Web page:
Introduction to GBA+

Test your knowledge

Question 1 (Select the best answer.)

GBA+ is:



Gender-based Analysis Plus (GBA+) is an analytical tool used to assess how diverse groups of women, men and non-binary people may experience policies, programs and initiatives. The “plus” in GBA+ acknowledges that GBA goes beyond biological (sex) and socio-cultural (gender) differences. We all have multiple identity factors that intersect to make us who we are; GBA+ also considers many other identity factors, like race, ethnicity, religion, age, and mental or physical disability.

To review the definition of GBA+, choose What is Gender-based Analysis Plus? at the beginning of this module.

Question 2 (Select the best answer.)

When gathering information as part of the GBA+ process, it is important to find:



Gathering information is the first step in assessing gender and/or diversity factors, and to determine whether your initiative will have a more significant impact on a particular group of women or men, or if unintended barriers exist.

Sources of data come from a variety of places, and part of checking assumptions involves going beyond the "usual" sources. Both quantitative and qualitative data should be gathered by sex and, where possible, other diversity factors to understand the issues which may be present for a particular initiative.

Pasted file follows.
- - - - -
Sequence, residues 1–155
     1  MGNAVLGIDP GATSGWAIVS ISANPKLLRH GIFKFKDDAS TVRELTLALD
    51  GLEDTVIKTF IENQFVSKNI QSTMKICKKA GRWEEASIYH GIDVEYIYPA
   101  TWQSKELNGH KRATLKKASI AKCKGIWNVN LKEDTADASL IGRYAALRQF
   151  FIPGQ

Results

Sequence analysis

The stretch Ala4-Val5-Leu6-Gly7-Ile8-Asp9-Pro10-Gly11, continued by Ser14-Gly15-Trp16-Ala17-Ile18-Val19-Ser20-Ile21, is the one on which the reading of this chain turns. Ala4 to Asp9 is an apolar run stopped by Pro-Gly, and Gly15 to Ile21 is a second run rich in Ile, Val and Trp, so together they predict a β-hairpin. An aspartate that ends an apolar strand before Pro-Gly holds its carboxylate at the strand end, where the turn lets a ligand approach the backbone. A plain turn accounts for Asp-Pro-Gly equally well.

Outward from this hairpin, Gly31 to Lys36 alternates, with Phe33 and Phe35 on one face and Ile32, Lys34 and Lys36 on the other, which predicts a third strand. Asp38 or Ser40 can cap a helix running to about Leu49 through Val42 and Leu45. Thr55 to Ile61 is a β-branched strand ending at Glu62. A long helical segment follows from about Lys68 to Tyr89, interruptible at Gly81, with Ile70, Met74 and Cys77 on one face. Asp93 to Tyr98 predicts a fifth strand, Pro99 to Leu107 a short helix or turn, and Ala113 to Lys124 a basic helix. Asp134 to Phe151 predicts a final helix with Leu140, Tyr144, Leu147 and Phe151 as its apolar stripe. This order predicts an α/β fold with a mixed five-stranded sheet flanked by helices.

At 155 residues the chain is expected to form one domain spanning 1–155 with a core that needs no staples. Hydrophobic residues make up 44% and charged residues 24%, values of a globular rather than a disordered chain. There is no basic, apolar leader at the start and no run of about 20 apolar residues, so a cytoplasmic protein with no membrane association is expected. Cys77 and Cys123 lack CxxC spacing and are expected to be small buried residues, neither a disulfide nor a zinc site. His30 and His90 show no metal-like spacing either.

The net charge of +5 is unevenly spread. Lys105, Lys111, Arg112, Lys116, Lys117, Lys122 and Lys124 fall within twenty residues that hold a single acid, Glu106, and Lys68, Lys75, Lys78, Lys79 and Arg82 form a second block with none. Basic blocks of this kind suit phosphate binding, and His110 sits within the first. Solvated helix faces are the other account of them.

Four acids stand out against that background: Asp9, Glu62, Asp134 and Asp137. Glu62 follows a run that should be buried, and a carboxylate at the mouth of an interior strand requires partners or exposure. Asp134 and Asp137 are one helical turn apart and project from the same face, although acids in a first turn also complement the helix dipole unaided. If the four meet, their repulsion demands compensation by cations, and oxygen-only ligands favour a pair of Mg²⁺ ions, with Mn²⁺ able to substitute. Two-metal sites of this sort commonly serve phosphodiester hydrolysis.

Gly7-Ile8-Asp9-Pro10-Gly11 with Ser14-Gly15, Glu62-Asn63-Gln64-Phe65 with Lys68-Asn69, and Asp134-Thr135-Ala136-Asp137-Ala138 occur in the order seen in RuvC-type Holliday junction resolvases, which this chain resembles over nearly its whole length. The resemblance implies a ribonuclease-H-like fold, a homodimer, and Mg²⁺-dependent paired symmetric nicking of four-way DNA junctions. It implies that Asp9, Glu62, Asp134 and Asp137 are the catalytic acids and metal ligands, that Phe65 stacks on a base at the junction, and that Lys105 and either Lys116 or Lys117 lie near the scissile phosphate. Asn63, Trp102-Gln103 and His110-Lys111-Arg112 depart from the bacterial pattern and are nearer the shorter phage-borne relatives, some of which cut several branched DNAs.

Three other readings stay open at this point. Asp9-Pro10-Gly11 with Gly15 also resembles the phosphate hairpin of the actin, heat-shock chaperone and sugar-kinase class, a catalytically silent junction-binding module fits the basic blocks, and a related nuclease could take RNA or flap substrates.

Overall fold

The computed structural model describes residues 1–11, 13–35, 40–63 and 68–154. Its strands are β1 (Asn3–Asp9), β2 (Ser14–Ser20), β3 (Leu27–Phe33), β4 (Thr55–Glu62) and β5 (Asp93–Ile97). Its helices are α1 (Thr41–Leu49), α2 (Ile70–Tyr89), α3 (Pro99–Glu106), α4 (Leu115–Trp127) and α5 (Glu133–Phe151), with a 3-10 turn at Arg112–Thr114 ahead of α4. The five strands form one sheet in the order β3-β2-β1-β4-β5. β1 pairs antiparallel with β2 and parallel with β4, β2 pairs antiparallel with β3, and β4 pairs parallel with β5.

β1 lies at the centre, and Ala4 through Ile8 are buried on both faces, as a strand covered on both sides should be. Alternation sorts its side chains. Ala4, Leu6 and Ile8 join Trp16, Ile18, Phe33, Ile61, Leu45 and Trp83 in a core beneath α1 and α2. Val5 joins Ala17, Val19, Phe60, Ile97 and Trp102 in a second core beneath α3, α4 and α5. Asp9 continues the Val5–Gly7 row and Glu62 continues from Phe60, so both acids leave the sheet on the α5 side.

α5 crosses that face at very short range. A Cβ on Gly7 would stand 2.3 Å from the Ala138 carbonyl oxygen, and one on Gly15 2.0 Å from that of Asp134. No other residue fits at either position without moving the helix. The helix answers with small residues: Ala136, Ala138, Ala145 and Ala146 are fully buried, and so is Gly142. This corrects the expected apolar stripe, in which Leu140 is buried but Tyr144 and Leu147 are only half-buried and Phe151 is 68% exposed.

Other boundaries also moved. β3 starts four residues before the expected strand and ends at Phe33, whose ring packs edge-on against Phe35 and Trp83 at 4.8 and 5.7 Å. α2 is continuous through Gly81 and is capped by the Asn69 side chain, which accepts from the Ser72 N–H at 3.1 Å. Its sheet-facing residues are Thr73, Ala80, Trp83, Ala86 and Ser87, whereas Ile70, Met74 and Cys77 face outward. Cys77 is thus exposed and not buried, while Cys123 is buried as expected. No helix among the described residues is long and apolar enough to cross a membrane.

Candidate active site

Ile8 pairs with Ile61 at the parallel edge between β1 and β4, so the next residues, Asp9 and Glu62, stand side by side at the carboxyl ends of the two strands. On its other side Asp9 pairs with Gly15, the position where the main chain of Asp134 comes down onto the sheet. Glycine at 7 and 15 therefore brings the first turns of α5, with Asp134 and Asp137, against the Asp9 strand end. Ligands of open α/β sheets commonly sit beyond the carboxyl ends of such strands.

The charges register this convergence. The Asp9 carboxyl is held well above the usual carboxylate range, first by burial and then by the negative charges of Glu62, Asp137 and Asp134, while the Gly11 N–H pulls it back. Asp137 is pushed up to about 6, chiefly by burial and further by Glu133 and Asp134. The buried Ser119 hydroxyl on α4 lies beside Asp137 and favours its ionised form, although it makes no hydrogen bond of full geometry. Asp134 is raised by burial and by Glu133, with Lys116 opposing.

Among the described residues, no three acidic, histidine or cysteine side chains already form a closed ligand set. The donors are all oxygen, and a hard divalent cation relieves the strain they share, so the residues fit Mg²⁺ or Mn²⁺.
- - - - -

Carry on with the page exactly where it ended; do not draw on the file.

To review the steps of the GBA+ process, select The GBA+ process at the beginning of this module.

Question 3 (Select the best answer.)

A targeted approach:



A targeted approach means that the initiative focuses on one gender or group over another. Sometimes this approach is used to remedy a historical disadvantage.

To review information on the targeted option, choose Youth fitness case study in the menu.

Question 4 (Select the best answer.)

Parental leave is an example of a flexible approach because:



A flexible approach responds simultaneously to the needs of diverse population groups.

The evolution of maternity leave is an excellent example of a flexible approach because today birth and adoptive parents in Canada, regardless of marital status or sexual orientation, have access to parental leave.

To review information on the targeted option, choose Parental leave evolution in the left-side menu.